On July 19, 2011, Texas filed the instant complaint for declaratory judgment that redistricting plans 1 it adopted to govern elections for the U.S. House of Representatives (“Congressional Plan”), the State House of Representatives (“State House Plan”), the State Senate (“State Senate Plan”) (collectively the “Plans”), and the State Board of Education complied with Section 5 of the Voting Rights Act, 42 U.S.C. § 1973c. The United States and several of the Intervenors 2 (collectively with the United States, the “Defendants”) filed answers challenging the Congressional Plan, the State House Plan, and the State Senate Plan. No one challenges the redistricting plans for the State Board of Education.3 Texas moved for summary judgment on September 14, 2011. The parties engaged in swift discovery, filed briefs and exhibits, and presented oral argument to this Court on November 2, 2011.

A three-judge court in the Western District of Texas is currently hearing constitutional

[831 F.Supp.2d 248]

challenges and challenges under Section 2 of the Voting Rights Act to these same redistricting Plans. Mindful of the fact that our refusal to grant preclearance would require that court to draw interim plans because of election-related deadlines in Texas, this Court issued an order denying summary judgment on all three Plans on November 8, 2011. See Dkt. # 106; see also Perez v. Texas, No. 5:11–360, Am. Order [Dkt. # 391] (W.D.Tex. Oct. 4, 2011) (consolidated action); Davis v. Perry, No. 5:11–788, Am. Order [Dkt. # 15] (W.D.Tex. Oct. 4, 2011). The Court now issues its Memorandum Opinion explaining its reasoning.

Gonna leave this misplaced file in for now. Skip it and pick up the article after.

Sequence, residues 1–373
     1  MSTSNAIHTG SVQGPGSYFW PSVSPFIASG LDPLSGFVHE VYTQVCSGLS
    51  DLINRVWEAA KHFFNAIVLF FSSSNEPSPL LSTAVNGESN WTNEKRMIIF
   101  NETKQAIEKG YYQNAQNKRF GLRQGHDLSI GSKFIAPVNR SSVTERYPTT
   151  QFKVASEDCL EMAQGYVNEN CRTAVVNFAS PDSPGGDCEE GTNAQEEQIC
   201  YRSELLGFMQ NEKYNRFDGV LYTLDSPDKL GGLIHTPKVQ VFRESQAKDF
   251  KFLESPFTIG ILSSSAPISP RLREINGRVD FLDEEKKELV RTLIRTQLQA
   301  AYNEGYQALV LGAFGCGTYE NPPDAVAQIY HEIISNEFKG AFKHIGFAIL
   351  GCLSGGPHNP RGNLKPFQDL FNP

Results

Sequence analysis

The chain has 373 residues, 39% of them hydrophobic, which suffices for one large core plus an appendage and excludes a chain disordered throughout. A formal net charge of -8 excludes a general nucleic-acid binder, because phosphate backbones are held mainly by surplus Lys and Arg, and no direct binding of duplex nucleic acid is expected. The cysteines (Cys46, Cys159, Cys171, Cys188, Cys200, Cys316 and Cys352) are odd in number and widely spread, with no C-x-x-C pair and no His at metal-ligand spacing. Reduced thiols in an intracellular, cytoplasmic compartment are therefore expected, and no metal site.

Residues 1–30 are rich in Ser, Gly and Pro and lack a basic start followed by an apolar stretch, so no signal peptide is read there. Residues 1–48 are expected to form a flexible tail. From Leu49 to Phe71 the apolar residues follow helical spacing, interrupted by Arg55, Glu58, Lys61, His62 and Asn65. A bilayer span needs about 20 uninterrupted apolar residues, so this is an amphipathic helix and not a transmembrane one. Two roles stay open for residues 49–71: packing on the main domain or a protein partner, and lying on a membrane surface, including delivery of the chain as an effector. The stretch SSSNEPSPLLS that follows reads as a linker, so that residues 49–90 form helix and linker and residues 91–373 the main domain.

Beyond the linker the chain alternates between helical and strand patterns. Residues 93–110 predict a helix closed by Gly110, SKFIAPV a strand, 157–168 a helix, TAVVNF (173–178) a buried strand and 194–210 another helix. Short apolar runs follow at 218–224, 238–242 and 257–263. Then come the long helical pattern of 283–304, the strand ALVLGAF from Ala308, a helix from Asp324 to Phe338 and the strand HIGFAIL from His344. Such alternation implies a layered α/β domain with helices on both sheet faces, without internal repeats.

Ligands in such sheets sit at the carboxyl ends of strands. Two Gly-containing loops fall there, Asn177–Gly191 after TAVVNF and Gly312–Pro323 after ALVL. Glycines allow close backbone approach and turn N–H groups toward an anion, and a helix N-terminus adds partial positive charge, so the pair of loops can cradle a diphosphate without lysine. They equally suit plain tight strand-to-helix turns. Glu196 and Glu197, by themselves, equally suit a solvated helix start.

B. Statutory Background

The Voting Rights Act of 1965 (“VRA”), Pub.L. No. 89–110, 79 Stat. 437 (codified as amended at 42 U.S.C. § 1973 et seq.), was enacted to counteract attempts by states and local jurisdictions to evade the Reconstruction Amendments' prohibitions on racial discrimination in voting.4 Litigation and court orders had been slow and often ineffective in curbing the egregious abuses that jurisdictions had used to impede minority voters in the exercise of their constitutionally protected rights. South Carolina v. Katzenbach, 383 U.S. 301, 313–14, 86 S.Ct. 803, 15 L.Ed.2d 769 (1966). The VRA contains a set of “sterner and more elaborate measures” that Congress found necessary to fight the “insidious and pervasive evil which had been perpetrated in certain parts of our country through unremitting and ingenious defiance of the Constitution.” Id. at 309, 86 S.Ct. 803.

The VRA contains a complex remedial scheme “aimed at areas where voting discrimination has been most flagrant.” Id. at 315, 86 S.Ct. 803. These targeted, temporary remedial measures apply to a state or local political body that is a “covered” jurisdiction as defined by Section 4(b) of the VRA, i.e., one that has been found, according to a statutory formula, to have engaged in voting discrimination. See42 U.S.C. § 1973b(b); Riley v. Kennedy, 553 U.S. 406, 413, 128 S.Ct. 1970, 170 L.Ed.2d 837 (2008). Section 5 is one of those temporary remedial measures. It was enacted as “a response to a common practice in some jurisdictions of staying one step ahead of the federal courts by passing new discriminatory voting laws as the old ones had been struck down.” Beer v. United States, 425 U.S. 130, 140, 96 S.Ct. 1357, 47 L.Ed.2d 629 (1976) (quoting H.R. Rep. No. 94–196, at 57–58 (1975)).